Russian parliament rejects minute's silence for slain Kremlin critic Nemtsov

Reuters News
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Posted: Feb 26, 2016 9:20 AM

MOSCOW (Reuters) - Russian lawmakers on Friday refused to hold a minute's silence in honor of Boris Nemtsov, a fierce critic of President Vladimir Putin who was gunned down not far from the Kremlin just under a year ago.

The State Duma, the lower house of parliament, delivered the snub as supporters of Nemtsov, a former deputy prime minister, prepared to hold a march in central Moscow on Saturday to recall the opposition leader amid claims that the authorities are trying to erase his memory.

The Kremlin has repeatedly downplayed Nemtsov's significance and described his killing as a "provocation".

Lawmaker Dmitry Gudkov, himself a Putin opponent, proposed the idea of holding the minute's silence on Friday on the eve of the first anniversary of Nemtsov's murder.

In footage of the episode he posted online, Gudkov said only one other of the 450 lawmakers in the lower house stood up in support.

"It's not a question of politics but rather one of ethics and humanity to a man who worked here," Gudkov said.

Vladimir Zhirinovsky, leader of the nationalist Liberal Democratic Party, responded by saying lawmakers only stood up to honor dead public figures when the president had declared an official day of mourning.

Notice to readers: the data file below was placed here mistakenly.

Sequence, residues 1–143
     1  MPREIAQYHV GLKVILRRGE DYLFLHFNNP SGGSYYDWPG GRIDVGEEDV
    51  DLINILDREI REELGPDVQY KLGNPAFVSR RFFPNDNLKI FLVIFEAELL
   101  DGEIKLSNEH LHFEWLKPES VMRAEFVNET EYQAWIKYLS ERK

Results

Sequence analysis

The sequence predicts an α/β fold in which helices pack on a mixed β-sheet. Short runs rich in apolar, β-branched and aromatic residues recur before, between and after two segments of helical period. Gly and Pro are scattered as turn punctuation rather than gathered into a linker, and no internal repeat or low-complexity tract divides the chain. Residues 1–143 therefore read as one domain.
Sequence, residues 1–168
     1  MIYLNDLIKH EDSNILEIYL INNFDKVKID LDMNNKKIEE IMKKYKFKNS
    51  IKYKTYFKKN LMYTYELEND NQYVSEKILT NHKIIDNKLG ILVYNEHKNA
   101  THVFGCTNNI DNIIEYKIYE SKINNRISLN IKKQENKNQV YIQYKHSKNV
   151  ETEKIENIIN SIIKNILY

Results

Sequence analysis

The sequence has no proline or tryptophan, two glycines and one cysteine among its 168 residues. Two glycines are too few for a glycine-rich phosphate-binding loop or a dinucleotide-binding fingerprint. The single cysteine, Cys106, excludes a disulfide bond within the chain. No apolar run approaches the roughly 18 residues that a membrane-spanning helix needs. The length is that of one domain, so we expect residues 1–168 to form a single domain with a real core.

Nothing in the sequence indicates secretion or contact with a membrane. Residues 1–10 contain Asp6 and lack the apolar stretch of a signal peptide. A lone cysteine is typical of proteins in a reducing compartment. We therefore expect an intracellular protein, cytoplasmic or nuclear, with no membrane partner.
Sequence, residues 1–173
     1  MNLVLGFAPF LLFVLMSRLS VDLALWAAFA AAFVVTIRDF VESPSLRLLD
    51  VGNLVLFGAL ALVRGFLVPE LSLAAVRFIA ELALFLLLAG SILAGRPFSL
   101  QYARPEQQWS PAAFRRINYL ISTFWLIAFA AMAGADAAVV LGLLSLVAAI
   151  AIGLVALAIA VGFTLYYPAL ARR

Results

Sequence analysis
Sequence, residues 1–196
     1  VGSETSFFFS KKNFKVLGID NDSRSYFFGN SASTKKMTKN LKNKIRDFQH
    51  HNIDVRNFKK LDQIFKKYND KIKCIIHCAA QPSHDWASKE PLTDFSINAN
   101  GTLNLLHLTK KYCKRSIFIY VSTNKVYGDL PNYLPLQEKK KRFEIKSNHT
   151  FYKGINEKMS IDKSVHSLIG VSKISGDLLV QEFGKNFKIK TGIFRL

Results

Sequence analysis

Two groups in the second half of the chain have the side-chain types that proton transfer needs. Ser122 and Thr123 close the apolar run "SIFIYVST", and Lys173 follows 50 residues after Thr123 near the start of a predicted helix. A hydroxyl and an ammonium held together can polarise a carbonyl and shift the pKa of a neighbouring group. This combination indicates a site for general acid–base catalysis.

"When will this anarchy end?" Zhirinovsky asked lawmakers, referring to Gudkov's suggestion to honor Nemtsov.

"There are very many good people ... who made a far greater contribution to the history of our country than Boris Nemtsov."

Nemtsov, 55, was killed as he walked home with his girlfriend after dinner near the Kremlin.

While revered by some as an unpretentious man of the people, some Russians disliked him, associating him with the 1990s when there were food shortages and hyperinflation wiped out people's savings.

Police have charged a group of Chechen men with carrying out the killing. Nemtsov's family and allies say the authorities have failed to hold the people who ordered the murder to account.

(Reporting by Alexander Winning; Editing by Andrew Osborn)